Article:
The bombings at night are the worst. There is no electricity in the rebel-held portion of eastern Aleppo, and the warplanes flying overhead target any light piercing the blackness beneath.

So families huddle together in the dark, gathered in one room so that they don't die alone, listening to the roar of the jets and waiting for the bombs to fall.

After they do, rescue workers venture out, navigating the rubble and craters left by earlier bombings, to dig out victims without headlights or lamps. They haul them to hospitals swamped with patients being treated on the floor by doctors who barely sleep, and must choose which lives to save and which to let go.

In the small hours, it was the turn of two hospitals, the biggest in eastern Aleppo, to be hit and put out of use for the victims of more bombings.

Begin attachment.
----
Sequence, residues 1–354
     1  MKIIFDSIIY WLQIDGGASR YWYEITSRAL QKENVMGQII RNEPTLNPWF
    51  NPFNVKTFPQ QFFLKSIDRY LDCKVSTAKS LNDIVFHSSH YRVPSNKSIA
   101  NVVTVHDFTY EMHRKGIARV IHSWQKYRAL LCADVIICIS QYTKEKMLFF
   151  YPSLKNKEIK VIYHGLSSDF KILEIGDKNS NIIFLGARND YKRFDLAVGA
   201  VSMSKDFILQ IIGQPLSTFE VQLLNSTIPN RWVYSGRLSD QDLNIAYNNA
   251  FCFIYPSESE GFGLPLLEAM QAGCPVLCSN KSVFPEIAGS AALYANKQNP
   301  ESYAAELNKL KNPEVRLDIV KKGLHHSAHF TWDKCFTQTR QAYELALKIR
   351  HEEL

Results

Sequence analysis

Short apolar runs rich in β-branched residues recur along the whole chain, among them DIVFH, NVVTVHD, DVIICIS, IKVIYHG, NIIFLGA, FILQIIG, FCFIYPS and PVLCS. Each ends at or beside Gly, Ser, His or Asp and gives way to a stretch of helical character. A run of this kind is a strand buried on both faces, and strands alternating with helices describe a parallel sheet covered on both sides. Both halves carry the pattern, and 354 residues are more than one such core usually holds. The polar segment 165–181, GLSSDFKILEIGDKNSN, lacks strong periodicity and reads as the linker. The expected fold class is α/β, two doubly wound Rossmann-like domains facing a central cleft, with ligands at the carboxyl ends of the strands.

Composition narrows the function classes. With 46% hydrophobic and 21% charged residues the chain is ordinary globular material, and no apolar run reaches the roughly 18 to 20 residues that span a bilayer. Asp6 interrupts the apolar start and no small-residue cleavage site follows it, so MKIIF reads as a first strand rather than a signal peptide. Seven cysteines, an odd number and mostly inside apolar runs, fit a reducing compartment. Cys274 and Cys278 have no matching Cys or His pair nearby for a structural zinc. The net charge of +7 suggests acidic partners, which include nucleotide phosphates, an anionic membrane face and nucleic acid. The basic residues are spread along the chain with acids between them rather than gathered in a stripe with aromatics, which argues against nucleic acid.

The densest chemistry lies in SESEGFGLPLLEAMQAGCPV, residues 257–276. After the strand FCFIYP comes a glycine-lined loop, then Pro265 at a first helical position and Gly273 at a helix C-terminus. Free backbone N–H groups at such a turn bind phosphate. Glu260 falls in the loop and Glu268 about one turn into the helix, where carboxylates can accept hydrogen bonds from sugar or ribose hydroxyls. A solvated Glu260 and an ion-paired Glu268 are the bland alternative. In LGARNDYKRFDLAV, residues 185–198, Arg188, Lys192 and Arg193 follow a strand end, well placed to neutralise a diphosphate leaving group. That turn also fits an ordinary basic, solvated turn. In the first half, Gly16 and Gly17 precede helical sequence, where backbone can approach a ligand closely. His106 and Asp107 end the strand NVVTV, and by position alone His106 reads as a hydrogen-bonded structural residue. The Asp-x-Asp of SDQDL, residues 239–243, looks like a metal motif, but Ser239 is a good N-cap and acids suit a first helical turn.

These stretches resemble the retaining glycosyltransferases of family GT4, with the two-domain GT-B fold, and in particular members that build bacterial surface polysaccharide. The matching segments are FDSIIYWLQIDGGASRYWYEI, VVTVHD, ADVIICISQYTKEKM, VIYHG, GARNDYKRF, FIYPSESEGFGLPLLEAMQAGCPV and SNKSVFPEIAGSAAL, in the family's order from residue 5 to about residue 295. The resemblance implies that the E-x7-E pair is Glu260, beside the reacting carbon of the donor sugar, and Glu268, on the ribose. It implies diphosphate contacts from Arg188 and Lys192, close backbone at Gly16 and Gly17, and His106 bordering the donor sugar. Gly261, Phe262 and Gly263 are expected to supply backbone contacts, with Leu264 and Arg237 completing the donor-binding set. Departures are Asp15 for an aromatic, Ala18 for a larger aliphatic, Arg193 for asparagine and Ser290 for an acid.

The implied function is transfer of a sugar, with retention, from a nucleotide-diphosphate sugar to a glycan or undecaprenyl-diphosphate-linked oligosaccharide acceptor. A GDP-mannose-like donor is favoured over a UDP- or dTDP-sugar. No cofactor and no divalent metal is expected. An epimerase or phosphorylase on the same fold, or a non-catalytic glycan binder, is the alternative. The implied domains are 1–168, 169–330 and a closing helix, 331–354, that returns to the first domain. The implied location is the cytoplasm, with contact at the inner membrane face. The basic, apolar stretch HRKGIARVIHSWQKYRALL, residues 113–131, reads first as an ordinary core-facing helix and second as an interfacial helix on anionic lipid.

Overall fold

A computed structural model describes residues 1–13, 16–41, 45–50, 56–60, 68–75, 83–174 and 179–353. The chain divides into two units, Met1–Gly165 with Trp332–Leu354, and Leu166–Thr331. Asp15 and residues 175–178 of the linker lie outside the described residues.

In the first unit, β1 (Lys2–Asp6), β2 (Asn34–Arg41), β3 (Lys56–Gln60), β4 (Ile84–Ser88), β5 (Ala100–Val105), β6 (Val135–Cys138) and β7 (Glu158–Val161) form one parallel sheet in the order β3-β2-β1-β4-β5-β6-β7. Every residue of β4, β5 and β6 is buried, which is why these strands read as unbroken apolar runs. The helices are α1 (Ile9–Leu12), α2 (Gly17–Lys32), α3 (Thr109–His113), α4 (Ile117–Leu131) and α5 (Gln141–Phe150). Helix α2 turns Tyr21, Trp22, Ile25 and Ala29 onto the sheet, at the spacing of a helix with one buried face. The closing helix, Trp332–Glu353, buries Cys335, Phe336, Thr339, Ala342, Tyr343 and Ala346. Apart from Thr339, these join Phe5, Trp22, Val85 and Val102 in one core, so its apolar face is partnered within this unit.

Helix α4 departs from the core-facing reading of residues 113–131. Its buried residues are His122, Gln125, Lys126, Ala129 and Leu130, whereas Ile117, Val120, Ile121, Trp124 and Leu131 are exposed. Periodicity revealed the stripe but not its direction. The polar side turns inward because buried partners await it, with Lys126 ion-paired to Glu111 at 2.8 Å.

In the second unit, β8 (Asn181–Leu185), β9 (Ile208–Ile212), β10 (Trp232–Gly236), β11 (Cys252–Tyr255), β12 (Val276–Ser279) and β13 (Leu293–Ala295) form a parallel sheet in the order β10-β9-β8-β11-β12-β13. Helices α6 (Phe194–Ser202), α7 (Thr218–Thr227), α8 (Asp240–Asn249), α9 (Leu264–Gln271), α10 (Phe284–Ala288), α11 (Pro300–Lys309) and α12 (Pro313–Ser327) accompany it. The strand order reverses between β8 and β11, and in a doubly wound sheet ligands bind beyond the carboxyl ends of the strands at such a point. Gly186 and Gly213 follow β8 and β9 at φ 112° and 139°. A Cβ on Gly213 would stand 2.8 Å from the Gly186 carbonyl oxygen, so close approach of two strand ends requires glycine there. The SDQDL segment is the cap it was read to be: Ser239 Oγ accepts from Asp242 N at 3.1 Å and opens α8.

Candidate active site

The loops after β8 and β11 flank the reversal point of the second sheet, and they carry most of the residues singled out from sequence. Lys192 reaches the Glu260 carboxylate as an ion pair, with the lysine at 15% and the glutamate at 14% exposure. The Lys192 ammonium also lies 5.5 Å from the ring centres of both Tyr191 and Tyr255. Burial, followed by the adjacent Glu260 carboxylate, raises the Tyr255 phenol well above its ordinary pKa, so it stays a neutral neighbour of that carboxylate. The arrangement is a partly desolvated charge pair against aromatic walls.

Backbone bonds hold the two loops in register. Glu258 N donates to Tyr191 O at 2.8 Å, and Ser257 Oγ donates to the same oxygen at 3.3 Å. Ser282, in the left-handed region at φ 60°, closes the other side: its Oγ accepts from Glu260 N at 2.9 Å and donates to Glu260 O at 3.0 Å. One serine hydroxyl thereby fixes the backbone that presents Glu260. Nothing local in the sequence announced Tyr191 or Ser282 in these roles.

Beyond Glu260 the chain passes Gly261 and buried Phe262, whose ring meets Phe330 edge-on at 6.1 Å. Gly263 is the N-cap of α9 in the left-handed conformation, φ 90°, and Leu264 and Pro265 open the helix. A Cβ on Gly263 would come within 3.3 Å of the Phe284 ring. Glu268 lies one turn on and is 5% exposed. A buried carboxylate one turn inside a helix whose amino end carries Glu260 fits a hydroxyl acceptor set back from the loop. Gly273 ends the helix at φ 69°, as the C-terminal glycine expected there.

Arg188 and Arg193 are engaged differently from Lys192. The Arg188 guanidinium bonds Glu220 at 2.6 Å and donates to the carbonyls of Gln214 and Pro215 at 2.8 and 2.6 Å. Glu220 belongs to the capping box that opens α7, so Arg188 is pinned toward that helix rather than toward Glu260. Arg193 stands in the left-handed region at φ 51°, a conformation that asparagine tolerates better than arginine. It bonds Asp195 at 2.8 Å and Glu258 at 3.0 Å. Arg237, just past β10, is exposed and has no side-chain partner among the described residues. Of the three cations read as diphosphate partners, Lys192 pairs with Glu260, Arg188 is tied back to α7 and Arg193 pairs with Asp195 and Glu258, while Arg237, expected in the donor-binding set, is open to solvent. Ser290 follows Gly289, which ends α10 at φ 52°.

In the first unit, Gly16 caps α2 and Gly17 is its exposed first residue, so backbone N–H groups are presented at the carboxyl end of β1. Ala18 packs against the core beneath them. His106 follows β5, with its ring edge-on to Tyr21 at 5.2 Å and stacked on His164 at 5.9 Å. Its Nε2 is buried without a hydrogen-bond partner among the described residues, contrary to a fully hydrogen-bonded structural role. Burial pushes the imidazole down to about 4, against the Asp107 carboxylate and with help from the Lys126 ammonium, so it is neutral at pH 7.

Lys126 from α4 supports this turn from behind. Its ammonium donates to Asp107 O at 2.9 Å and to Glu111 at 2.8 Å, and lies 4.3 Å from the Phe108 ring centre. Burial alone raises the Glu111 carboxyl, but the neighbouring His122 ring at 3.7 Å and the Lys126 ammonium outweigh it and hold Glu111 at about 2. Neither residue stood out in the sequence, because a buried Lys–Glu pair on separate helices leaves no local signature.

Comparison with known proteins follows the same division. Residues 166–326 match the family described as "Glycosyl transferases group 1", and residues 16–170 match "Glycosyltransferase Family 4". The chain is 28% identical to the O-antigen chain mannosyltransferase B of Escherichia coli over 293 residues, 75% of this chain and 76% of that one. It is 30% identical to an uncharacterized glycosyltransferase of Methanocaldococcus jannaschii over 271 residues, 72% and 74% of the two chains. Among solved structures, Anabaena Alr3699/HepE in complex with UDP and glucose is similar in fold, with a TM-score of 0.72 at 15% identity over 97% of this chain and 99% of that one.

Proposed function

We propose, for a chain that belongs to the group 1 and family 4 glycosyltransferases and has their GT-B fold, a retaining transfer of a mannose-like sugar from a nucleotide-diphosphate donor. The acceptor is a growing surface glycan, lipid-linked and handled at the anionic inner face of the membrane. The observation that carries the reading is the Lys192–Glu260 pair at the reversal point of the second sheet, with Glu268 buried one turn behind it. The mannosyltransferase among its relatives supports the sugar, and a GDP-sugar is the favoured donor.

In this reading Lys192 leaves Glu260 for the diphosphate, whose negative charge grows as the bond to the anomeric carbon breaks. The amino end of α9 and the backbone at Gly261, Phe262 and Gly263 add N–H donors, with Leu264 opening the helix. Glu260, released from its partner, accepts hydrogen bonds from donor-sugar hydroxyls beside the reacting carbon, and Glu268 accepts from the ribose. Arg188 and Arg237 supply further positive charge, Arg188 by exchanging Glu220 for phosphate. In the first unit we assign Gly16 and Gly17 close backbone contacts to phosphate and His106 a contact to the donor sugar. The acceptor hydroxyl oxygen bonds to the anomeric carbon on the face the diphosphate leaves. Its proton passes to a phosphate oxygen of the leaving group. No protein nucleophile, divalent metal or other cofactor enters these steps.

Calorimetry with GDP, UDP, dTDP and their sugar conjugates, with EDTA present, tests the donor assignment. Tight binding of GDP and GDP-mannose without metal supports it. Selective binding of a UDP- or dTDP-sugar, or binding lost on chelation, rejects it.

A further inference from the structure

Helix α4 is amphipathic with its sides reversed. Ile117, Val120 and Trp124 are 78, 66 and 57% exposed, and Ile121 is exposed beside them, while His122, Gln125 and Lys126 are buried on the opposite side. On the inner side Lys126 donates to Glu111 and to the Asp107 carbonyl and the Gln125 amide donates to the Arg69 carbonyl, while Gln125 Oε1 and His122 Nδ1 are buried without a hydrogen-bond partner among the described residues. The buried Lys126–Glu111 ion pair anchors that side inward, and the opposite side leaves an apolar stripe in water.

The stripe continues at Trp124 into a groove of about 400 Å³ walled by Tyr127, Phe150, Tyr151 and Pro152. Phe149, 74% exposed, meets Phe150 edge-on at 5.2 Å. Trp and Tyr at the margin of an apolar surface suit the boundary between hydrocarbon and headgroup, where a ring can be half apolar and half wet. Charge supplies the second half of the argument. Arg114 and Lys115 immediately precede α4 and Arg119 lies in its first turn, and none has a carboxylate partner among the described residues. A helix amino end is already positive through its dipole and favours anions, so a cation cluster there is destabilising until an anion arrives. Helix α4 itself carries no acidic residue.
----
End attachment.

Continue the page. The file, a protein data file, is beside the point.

Such is the tenor of life in rebel-held Aleppo, which had become accustomed to regular airstrikes since rebels seized control of the eastern portion of the city - but nothing like the intensity of the past week. At least 1700 bombs struck eastern Aleppo in the first week after the ceasefire's collapse, according to the White Helmets civil defence group, a volunteer force funded by the United States and Europe that helps people buried by buildings collapsed by bombs.

The challenge of staying alive has been heightened by the complete siege imposed by government troops earlier this month, shortly before the ceasefire was announced. Hundreds of thousands of people had already fled Aleppo to refugee camps further north, to Turkey and on boats to Europe. But 250,000 remain surrounded, many of them the poorest of the poor.

Food is scarce. Doctors have already detected signs of malnutrition in some children, said Caroline Anning of Save the Children, which estimates that 35 to 40 per cent of those trapped in Aleppo are children.